Japan is a universe unlike any other place you’ve seen before. A country that was closed to the rest of the world for 268 years must be very special! And Japan is. It would take a lifetime to understand the Japanese, but if you only have a couple of weeks to travel there, these are my recommendations of places essential to get a taste of Japanese culture.
My first advice is to enter Osaka and go out to Tokyo, or vice versa. There are several airlines flying to these two airports (I did it with Turkish Airlines, via Istanbul) which allows you to take a linear route and make better use of time. The second tip is to get the JR Pass, the unlimited travel pass of the Japanese railways. You will save a lot of money if you take this route that I propose; But look! You can only buy it outside of Japan.
It is not the most touristy city in Japan, but if you enter Kansai airport it’s worth spending a few hours because it has some things of interest. The main one is its castle, that although it’s been reconstructed since World War II, it still reflects very well the spirit of the Edo architecture. It is still surrounded by the cyclopean ramparts and carefully manicured gardens. Interesting contrast between the castle and the nearby skyscrapers. Apart from this, you have to go by day in the Umeda neighborhood and eat in one of the many restaurants in its alleys. And at night, to the district of Dotombori.
Kyoto is 15 minutes from Osaka’s shinkansen (bullet train). And it is the jewel of every trip through Japan. In Kyoto you can stay as many days as you want and you would not end up seeing the amount of temples, shrines and places of interest that you treasure. My advice is to spend as little as three full days.
One of them is visiting the Higashiyama hillside, with its many religious sites, including the Chion-in shrine (eye, the main pavilion is closed for renovations). From there you can go down the gardens of Maruyama kōen to Gion, the geishas district, spend some time shopping on the main street and then dine in the busy alleyway of Kawaramachi.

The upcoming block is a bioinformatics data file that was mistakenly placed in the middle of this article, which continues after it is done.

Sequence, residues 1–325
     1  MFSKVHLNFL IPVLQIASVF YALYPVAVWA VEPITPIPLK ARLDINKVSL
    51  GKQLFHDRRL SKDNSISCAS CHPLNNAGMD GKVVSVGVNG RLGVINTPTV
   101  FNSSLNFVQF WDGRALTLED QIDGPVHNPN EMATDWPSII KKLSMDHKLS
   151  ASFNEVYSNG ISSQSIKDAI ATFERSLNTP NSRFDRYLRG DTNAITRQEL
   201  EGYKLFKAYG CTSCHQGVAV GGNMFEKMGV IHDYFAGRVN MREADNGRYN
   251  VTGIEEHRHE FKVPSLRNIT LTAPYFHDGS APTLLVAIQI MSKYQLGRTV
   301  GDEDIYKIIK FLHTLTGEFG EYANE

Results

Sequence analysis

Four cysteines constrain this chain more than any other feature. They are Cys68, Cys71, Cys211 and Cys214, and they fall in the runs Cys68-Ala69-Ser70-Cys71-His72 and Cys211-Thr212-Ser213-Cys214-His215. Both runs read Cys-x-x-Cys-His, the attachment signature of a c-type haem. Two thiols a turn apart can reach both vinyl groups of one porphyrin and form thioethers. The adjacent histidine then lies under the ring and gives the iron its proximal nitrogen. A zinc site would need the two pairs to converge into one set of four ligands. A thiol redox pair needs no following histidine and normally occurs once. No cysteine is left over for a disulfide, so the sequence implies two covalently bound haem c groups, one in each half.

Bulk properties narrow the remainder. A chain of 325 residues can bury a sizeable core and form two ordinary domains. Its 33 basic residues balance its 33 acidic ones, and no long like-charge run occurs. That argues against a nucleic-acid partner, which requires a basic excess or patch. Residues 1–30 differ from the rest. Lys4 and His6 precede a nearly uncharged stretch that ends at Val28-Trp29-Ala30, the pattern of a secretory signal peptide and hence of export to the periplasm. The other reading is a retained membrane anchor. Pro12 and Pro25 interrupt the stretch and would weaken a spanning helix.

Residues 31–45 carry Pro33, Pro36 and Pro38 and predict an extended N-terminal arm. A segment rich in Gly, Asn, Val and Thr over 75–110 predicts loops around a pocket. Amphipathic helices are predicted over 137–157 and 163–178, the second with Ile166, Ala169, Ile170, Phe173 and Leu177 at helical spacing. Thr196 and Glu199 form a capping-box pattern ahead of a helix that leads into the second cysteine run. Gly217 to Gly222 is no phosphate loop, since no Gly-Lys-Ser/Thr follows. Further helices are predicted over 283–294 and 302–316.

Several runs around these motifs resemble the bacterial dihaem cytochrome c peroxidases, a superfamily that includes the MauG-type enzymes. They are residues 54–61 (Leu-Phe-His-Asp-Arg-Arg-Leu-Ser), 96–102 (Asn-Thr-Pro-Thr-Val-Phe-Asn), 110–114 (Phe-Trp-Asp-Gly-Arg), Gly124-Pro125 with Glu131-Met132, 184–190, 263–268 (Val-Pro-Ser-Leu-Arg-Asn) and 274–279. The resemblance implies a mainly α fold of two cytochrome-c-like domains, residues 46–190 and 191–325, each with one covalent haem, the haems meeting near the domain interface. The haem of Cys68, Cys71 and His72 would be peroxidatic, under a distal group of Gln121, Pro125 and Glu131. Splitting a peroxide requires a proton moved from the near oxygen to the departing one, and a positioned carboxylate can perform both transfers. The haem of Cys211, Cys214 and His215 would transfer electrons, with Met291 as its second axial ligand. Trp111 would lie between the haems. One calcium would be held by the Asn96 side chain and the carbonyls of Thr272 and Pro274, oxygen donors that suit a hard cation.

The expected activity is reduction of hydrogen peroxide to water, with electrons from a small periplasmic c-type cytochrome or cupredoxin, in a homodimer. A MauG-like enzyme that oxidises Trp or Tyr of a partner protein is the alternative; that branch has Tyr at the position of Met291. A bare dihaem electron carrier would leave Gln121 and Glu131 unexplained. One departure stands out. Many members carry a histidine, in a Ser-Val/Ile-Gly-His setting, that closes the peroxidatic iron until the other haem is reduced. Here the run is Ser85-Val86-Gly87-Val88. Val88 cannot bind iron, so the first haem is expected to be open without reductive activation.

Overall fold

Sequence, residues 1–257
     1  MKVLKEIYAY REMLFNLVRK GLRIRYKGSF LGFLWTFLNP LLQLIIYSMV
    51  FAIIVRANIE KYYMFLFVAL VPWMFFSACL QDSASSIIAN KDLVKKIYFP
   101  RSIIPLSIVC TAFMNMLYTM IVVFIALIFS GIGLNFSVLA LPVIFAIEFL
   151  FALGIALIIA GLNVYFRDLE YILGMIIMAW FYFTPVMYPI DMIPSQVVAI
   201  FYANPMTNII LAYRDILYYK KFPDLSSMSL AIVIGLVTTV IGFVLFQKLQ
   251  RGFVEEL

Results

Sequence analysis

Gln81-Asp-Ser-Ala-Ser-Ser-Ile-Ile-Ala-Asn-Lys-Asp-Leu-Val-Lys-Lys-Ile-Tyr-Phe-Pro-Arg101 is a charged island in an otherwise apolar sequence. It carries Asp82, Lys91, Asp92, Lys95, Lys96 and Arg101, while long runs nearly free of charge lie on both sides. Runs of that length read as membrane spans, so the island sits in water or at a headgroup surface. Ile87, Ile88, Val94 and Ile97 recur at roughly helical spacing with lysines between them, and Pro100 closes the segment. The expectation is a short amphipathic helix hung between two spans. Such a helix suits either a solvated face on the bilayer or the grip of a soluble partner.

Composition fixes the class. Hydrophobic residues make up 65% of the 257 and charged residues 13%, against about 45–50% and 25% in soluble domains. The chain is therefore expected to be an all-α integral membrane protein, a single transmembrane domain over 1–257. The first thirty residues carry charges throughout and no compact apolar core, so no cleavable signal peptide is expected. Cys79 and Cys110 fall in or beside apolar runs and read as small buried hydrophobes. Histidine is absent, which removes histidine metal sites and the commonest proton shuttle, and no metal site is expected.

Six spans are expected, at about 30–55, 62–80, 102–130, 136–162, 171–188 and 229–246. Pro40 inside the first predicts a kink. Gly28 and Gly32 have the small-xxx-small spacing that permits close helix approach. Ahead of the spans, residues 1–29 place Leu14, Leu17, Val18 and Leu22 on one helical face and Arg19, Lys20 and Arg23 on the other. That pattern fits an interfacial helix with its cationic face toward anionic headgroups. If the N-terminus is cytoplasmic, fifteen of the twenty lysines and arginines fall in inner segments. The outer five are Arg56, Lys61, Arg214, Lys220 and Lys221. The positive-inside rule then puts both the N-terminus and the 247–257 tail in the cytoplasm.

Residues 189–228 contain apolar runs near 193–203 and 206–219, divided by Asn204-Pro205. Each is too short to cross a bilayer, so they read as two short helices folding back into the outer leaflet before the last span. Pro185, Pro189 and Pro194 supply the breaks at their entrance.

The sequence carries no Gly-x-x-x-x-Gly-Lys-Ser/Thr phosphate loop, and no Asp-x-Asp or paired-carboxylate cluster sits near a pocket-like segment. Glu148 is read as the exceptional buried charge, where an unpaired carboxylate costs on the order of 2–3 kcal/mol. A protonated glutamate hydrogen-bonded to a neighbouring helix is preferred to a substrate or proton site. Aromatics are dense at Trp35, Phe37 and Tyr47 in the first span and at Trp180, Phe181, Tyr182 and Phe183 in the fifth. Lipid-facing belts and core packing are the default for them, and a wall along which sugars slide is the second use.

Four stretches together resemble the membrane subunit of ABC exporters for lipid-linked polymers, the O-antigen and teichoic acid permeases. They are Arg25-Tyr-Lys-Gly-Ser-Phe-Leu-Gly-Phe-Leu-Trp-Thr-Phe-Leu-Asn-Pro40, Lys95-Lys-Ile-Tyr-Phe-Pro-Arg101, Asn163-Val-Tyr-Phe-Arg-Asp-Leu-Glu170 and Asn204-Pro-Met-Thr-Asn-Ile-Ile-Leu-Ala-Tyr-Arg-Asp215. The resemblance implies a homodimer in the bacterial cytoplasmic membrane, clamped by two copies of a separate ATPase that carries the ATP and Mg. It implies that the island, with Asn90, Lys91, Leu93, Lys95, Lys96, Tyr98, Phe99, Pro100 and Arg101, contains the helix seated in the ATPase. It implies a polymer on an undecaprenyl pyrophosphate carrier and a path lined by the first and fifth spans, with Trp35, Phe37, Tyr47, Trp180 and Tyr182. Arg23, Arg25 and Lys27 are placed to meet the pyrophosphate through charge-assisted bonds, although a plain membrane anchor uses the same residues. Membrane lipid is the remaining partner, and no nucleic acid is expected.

Another full day and you will travel the opposite side, Arashiyama, with the famous bamboo forest (you will be disappointed in how small it is) and its many temples, including the beautiful Tenryū-ji and its zen garden.
On the third day I would go to Nijō-jo, the castle of the Tokugawa area, a marvelous enclosure of palaces, walls and gardens, which is preserved as it was when the warlords wielded power during the Edo period .
And in the afternoon I would take the JR line to Fushimi Inari, the famous shrine whose orange torii travels more than four kilometers of roads through Mount Inari (on specified dates there may be thousands of visitors that saturate everything). It is worthwhile to calmly walk your paths and go up to see sunset over Kyoto from the top of the sacred hill Inari.
In Kyoto you can walk more than on the Camino de Santiago. There are only two metro lines (plus another suburban train whose tickets are different) and do not reach all the tourist attractions. The bus network is more extensive. It is best to buy a combined subway and bus card, which costs 1200 yen per day and 2000 yen for two days (the single metro goes for 600 and the single bus, 500).
A little less than an hour by train from Kyoto, Nara is another must visit. The main street is a pleasant pedestrian and commercial street that leads to the Nara kōen, a kind of wonderland with numerous Buddhist temples, museums and about a thousand deer that run free and do not hesitate to steal food from tourists. The Tōdai-ji is a must-see, where the famous giant Buddha of more than 16 meters tall lined with 130 kilos of gold awaits. And the five-story pagoda of Kōfuki-ji. Nara is often visited as a day trip from Kyoto, although it has a good hotel offer that allows you to enjoy a calmer ride at sunset, when the horde of day visitors is gone.